by I. Chothia
As October marks Black History Month in the UK, I thought it would be fitting to remind staff and students about the Windrush Scandal, which brought to light shocking incidents of dehumanisation and systemic failures against people of Caribbean descent in the UK.
When people talk about the ‘Windrush generation’, they are usually talking about a group of individuals who arrived in the UK from Caribbean countries between 1948 and 1973. The name comes from one of the first large group of arrivals who disembarked a ship called HMT Empire Windrush on 21 June 1948.
Why were large groups of people coming to the UK?
Well, this was shortly after the war. Britain had lost many people to the war and many sectors were affected by the post-war labour shortage. As a result, people from some of Britain’s colonies were invited to the UK to take up jobs in the newly formed NHS and other sectors. What’s more, because these individuals arrived from British colonies that were not independent, they were unequivocally British citizens and would go on to become the very fibre of Britain’s existence; this is important to remember.
Shortly after 2012, thousands of people began receiving notices of deportation; the details of the letters raised more questions than they answered, but the finality of the message was clear, that the recipients were in the country illegally and that they were being deported. To understand why this was happening, we need to go back to 2010, when David Cameron started his tenure as Prime Minister. Cameron promised that the government would drastically reduce the number of illegal immigrants in the UK. A big problem with this was that the government had severely overestimated the number of people who had illegally settled in the UK. Rather than tell everyone this, a decision was made, simply to meet the unreachable quotas, to target and ultimately deport thousands of people.
In 2012, Theresa May, as Home Secretary, declared that her aim was to “create a really hostile environment for illegal immigrants”. The voices preaching these policies grew louder, special divisions were created with a sole purpose to search and detain, and those decades-old arrivals, who never in a million years would think they would ever be targeted, were targeted. Thus ensued the Windrush scandal.
The Windrush scandal began to surface in 2017. Shortly before this, Guardian journalist, Amelia Gentleman, began investigating and reporting on the experiences of hundreds of Commonwealth citizens, who had been wrongly detained, deported and denied their legal rights. Victims of the Windrush scandal were belligerently targeted, forcibly detained and mercilessly separated from their families. Countless more, despite illness, were too afraid to access healthcare in fear of detainment and deportation.
These were not recent arrivals to the UK. By then, some had been in the country for over 60 years. However, as many of the Windrush generation had arrived as children on their parents’ passports (when children didn’t need passports), many lacked the documentation to prove their right to remain in the UK. They had made their home in the UK, and without the luxury to be able to travel, hadn’t felt the need to apply for a passport. The Home Office hadn’t kept a record of those whom had been granted leave to remain; what’s more, migrant landing cards and records were conveniently destroyed in 2010 under the Data Protection Act; despite this, the Home Office placed the burden of proof on individuals, meaning unless people could categorically prove that they had been in the country since 1973, they had no right to remain in the UK. This created an impossible, burdensome task for people who had not only done anything wrong, but had dedicated years of invaluable contributions to a country they now called home. Many had little to no recollection of what life was like before they came to the UK. With no one to hear their plight, a terrible injustice was being committed and the individuals were fighting a losing battle.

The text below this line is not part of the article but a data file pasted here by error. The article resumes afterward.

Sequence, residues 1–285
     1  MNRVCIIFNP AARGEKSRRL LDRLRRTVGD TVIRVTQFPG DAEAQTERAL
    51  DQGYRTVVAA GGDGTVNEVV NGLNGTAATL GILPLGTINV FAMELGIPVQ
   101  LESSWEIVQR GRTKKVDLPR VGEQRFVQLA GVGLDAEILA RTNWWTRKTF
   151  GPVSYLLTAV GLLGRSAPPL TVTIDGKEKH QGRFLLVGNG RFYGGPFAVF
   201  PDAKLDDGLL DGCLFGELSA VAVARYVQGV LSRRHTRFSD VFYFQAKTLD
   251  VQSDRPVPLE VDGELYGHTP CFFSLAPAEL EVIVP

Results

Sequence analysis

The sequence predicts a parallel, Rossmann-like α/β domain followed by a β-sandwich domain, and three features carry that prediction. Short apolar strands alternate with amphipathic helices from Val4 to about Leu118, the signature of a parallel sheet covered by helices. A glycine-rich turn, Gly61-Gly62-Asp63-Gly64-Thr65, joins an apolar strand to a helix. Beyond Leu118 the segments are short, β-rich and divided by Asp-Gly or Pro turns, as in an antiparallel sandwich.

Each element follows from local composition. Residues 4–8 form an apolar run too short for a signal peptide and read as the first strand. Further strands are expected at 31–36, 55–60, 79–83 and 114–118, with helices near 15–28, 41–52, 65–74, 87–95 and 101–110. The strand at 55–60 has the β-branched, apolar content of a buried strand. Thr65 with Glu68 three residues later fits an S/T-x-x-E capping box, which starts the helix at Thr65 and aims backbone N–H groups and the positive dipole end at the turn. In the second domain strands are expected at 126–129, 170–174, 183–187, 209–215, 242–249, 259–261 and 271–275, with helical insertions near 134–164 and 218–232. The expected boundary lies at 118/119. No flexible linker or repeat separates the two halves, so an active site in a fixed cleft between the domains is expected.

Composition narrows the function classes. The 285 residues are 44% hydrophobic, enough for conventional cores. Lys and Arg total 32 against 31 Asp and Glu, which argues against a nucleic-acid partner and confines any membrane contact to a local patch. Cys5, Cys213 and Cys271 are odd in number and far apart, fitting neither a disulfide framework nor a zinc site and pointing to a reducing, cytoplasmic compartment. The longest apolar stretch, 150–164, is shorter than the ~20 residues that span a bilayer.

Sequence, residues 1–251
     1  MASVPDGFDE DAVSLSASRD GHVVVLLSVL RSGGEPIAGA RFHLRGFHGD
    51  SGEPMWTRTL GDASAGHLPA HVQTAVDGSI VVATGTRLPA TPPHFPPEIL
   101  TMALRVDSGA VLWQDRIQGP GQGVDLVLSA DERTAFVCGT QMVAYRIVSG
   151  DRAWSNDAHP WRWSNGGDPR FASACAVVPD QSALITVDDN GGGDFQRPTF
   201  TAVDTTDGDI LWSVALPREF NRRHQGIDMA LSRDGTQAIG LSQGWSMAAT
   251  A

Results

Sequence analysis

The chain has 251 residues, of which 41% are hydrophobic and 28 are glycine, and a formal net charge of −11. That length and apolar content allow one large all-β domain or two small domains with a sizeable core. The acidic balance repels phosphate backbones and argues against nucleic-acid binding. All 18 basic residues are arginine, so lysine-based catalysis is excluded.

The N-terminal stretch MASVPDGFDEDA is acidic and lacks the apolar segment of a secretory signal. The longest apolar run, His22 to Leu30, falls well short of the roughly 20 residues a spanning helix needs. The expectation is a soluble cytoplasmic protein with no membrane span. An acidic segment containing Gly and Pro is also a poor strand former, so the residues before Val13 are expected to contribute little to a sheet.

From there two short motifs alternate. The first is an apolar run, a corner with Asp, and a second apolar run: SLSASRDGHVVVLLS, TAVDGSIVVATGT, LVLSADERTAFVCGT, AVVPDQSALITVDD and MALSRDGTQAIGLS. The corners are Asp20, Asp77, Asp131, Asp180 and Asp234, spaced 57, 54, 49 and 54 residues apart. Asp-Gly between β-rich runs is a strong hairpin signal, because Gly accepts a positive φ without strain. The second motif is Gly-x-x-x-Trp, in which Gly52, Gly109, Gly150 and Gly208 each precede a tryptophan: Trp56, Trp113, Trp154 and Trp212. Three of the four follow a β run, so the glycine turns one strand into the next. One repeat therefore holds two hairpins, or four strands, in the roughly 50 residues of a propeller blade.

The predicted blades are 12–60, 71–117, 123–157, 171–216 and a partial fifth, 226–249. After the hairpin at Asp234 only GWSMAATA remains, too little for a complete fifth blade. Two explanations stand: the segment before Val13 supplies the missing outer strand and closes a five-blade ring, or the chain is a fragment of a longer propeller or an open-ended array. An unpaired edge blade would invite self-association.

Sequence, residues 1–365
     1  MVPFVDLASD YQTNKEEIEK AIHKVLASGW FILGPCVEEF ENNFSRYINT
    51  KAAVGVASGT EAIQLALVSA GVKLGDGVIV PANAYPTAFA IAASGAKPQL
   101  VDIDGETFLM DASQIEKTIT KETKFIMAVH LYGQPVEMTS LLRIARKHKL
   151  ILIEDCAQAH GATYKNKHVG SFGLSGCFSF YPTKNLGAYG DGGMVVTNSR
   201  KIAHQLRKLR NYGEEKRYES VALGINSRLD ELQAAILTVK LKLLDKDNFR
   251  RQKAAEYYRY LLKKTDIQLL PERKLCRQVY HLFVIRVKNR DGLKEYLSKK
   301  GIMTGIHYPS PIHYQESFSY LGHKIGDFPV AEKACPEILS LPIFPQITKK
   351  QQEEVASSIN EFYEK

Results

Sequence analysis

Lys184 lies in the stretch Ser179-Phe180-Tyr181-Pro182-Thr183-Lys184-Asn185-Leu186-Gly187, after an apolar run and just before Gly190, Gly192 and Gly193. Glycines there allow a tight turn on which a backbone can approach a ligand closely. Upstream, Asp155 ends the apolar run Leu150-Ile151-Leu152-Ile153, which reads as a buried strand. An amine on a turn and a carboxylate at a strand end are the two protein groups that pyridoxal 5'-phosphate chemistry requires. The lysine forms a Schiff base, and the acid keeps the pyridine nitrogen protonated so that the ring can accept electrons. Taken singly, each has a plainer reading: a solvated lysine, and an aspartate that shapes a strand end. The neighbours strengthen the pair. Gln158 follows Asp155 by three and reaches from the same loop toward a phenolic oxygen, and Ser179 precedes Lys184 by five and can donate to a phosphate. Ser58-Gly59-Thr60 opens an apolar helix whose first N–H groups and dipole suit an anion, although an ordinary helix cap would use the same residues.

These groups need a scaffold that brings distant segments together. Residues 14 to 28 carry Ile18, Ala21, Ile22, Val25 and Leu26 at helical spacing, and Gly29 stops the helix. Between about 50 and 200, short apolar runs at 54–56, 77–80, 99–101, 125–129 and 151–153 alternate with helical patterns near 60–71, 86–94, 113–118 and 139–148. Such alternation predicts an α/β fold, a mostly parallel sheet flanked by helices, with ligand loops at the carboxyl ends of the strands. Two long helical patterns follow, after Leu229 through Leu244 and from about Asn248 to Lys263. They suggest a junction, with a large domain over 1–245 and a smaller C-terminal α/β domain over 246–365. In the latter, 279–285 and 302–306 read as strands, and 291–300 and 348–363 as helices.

Despite hostile opposition, the government was brought to task and eventually admitted its failings with regards to the Windrush generation.
The Windrush Compensation Scheme was established in April 2019 but by the end of September 2021, only a fifth of those eligible had come forward, and only a quarter of these had received compensation. Some have died before receiving any compensation.
Since 2018, Windrush Day is commemorated annually on 22 June.
A model of the MV Empire Windrush, featured in the London 2012 Olympics’ opening ceremony.
In 2019, the National Theatre put on a production of Andrea Levy’s Small Island, a story of first-generation Jamaican immigrants.
In June 2020, the BBC broadcast a feature-length drama inspired by the Windrush scandal.
To read more about this ongoing issue, I strongly recommend reading The Windrush Betrayal by Amelia Gentleman, copies of which you can find in the BCHS library.